Wesley of course notes that the American colonists are just as bad and perhaps even worse, as “in our colonies also many are causing the people to drink largely of the same deadly wine.” Along with a false notion of liberty, he faults love of money, sloth and profaneness among gross national sins, along with the war in America, which leaves behind widows and orphans. He offers an alternative to divine judgement:
But now the plague is begun, and has already made such ravages both in England and America, what can we do, in order that it may be stayed? How shall we stand “between the living and the dead?” Is there any better way to turn aside the anger of God, than that prescribed by St. James: “Purge your hands, ye sinners, and purify your hearts, ye double-minded?”
Wesley offers that national repentance may result in healing and national rebirth.
Show mercy more especially to the poor widows, to the helpless orphans, of your countrymen who are now numbered among the dead, who fell among the slain in a distant land. Who knoweth but the Lord will yet be entreated, will calm the madness of the people, will quench the flames of contention, and breathe into all the spirit of love, unity, and concord? Then brother shall not lift up sword against brother, neither shall they know war any more. Then shall plenty and peace flourish in our land, and all the inhabitants of it be thankful for the innumerable blessings which they enjoy, and shall “fear God, and honour the king.”
Arguably, Wesley sermon was a post-colonial critique, as Oden suggested, as he faulted Britain in its global expansion for procuring “field after field,” spreading all the “elegance of vice,” and having lost the habits of their “temperate, active forefathers” in favor of sloth. In this analysis, Wesley arguable here by implication defends the sovereignty of other lands from British colonialism.
Wesley’s “A Calm Address to Our American Colonies” though ironically a plea for continued British colonialism at least in America, echoes similar themes, while affirming his devotion to the British constitution, which offered more “rational liberty” than “any other people in the habitable world.” He notably addressed Americans as “my brethren and countrymen.” As Oden points out, Wesley rebutted American interpretations of government by individual consent by arguing for government by transgenerational consent, emphasizing the deeper, organic definition of the nation beyond just the currently living, and confirming that Wesley, as William Abraham recently asserted, was a Burkean conservative, understanding the nation and its political project as organic, transgenerational and in some ways pre-political.
In his 1777 “A Calm Address to the Inhabitants of England,” Wesley again celebrated uniquely British liberties, asking, “In what other country upon earth is such civil liberty to be found? Is it prudence to speak in so bitter and contemptuous a manner of such governors as God has given you?” In his 1778 “The Late Work of God in North America,” Wesley examined the American Revolution through Ezekiel’s vision of a “wheel within a wheel,” illustrating the mysteries of Providence working among peoples and nations.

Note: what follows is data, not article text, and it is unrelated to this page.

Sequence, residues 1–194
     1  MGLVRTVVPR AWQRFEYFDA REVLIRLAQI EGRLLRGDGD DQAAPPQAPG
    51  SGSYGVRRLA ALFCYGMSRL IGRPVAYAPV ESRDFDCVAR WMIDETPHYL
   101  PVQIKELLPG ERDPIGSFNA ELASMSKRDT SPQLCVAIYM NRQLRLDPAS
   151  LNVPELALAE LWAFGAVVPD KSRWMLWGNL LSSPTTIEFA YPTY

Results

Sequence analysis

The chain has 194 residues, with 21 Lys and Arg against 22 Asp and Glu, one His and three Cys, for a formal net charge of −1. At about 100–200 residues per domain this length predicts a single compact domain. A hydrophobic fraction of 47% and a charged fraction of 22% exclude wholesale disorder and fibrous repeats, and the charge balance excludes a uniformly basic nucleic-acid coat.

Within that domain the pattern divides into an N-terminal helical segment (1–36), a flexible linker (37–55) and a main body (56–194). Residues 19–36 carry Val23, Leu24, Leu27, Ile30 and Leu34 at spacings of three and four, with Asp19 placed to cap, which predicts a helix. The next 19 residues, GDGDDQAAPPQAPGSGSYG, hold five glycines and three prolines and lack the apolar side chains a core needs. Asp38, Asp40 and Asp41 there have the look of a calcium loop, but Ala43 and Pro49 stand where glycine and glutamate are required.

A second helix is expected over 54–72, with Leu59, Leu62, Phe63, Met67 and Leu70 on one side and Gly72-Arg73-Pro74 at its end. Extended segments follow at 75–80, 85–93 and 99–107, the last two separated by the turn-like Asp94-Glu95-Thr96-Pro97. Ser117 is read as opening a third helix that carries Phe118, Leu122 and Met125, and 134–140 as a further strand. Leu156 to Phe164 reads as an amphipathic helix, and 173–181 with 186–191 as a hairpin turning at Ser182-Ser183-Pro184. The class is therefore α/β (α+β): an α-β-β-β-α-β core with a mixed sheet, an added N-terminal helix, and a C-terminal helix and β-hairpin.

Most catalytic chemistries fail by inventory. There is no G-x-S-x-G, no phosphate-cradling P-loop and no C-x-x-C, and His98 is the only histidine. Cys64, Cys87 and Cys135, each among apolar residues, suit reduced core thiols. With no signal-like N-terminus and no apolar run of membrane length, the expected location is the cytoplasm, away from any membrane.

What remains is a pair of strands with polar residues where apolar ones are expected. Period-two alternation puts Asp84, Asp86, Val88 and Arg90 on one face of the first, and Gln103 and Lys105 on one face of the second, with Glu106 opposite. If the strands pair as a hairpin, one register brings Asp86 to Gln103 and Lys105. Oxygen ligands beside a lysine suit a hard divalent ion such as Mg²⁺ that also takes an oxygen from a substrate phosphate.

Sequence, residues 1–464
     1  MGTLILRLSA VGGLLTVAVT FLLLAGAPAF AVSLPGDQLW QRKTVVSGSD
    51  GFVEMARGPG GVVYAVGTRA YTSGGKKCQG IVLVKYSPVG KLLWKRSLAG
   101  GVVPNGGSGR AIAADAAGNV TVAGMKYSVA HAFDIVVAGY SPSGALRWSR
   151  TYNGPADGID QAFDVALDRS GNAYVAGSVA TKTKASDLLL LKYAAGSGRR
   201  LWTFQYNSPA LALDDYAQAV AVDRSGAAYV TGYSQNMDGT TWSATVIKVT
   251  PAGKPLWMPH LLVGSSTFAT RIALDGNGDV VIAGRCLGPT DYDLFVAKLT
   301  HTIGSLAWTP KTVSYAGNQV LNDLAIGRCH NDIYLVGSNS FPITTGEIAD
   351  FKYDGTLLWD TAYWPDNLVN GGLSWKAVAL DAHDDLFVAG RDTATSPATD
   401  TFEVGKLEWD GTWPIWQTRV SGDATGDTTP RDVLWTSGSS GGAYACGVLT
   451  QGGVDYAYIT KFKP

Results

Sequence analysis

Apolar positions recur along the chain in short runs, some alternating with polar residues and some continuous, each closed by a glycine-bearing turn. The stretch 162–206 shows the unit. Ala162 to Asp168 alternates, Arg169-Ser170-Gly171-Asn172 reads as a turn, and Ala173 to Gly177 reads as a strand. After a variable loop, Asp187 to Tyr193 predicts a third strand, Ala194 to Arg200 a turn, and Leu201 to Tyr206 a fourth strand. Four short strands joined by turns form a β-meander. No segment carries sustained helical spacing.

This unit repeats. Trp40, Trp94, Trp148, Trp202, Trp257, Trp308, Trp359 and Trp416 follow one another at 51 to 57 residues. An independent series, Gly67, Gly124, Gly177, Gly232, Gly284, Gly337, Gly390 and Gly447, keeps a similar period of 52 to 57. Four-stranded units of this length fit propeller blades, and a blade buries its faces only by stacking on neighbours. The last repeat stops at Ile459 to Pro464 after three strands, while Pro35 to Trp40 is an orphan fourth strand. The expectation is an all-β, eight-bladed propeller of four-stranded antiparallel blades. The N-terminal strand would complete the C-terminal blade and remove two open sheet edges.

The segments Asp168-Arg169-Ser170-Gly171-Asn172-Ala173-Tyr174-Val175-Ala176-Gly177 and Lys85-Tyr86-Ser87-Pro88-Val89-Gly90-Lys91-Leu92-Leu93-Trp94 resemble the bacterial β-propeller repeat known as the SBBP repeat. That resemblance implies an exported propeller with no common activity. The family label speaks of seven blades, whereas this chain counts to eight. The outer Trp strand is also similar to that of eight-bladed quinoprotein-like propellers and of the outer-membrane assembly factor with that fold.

During the Seven Years War Wesley expressed his love of England by offering to enlist troops for defense against a potential French invasion, telling a friend of his plans to “raise for His Majesty’s service at least two hundred volunteers, to be supported by contributions among themselves; and to be ready in case of an invasion to act for a year (if needed so long) at His Majesty’s pleasure, only within 10 miles of London.” John’s brother Charles, as brothers often are, was mockingly dismissive of his militarily inexperienced and middle aged brother raising troops, wondering if such troops would not be “too tardy to rescue us.”
Beyond raising troops, Wesley expressed his love of England in 1776 by writing a four volume history of his native land A Concise History of England: From the Earliest Times, to the Death of George II. His review of England’s story, which of course he saw providentially and covenantly, to “see God perfecting the moral as well as the natural world, as I would fain have others to see him in all civil events as well as in all the phenomena of nature. I want them to learn that the Lord is King, be the earth never so impatient; that He putteth down one and setteth up another, in spite of all human power and wisdom.”
Wesley’s history of England included chronicling his nation’s sins, such as having renewed the Hundred Year’s War when Henry V “attacked [France] without the least provocation.” Observed Wesley, “He filled it with widows and orphans, lamentation, misery, and every species of distress. And he died in full persuasion of having acted according to equity. So he deceived himself, as well as others! But there is one that judgeth righteously.”
Likewise Wesley chided ninth century King Egbert of Wessex, Edward I (1242-1307), and the Duke of Marlborough (John Churchill, b. 1650) for “cruel” and “unjust” conduct. These evils he describes of course as England’s failure to uphold its covenant with God.
Wesley loved England, no less than Pope John Paul II loved Poland, to which he would return, setting aside his papal office, if the Soviets had invaded, he reputedly warned during the Solidarity crisis of early 1980s. The evangelist knew he was not a disembodied spirit, but a man placed in a particular nation for particular providential purposes. The world was his parish, but his starting point was England. For him and his followers, the Methodist movement was God’s work for the renewal of their land and setting it right with Him. This love of country they bequeathed, however reluctantly to American Methodists, who were admonished by Wesley to obey their new civil authorities whose sovereignty should not be questioned.
In this historically Wesleyan understanding, mostly assumed and not articulated, nations are gifts of God, having covenants with Him, to be cherished, and protected. Nations have physical places with borders, with particular peoples and cultures that have arisen organically and providentially across decades, centuries and millennia, as Wesley recorded in his history of England. As followers of Wesley address immigration issues, we must do so with appreciation that nations are not inconsequential or obstacles to God’s universal love or the universal church. Instead, we should see them as stating points from which we begin our expression of God’s love for humanity and creation.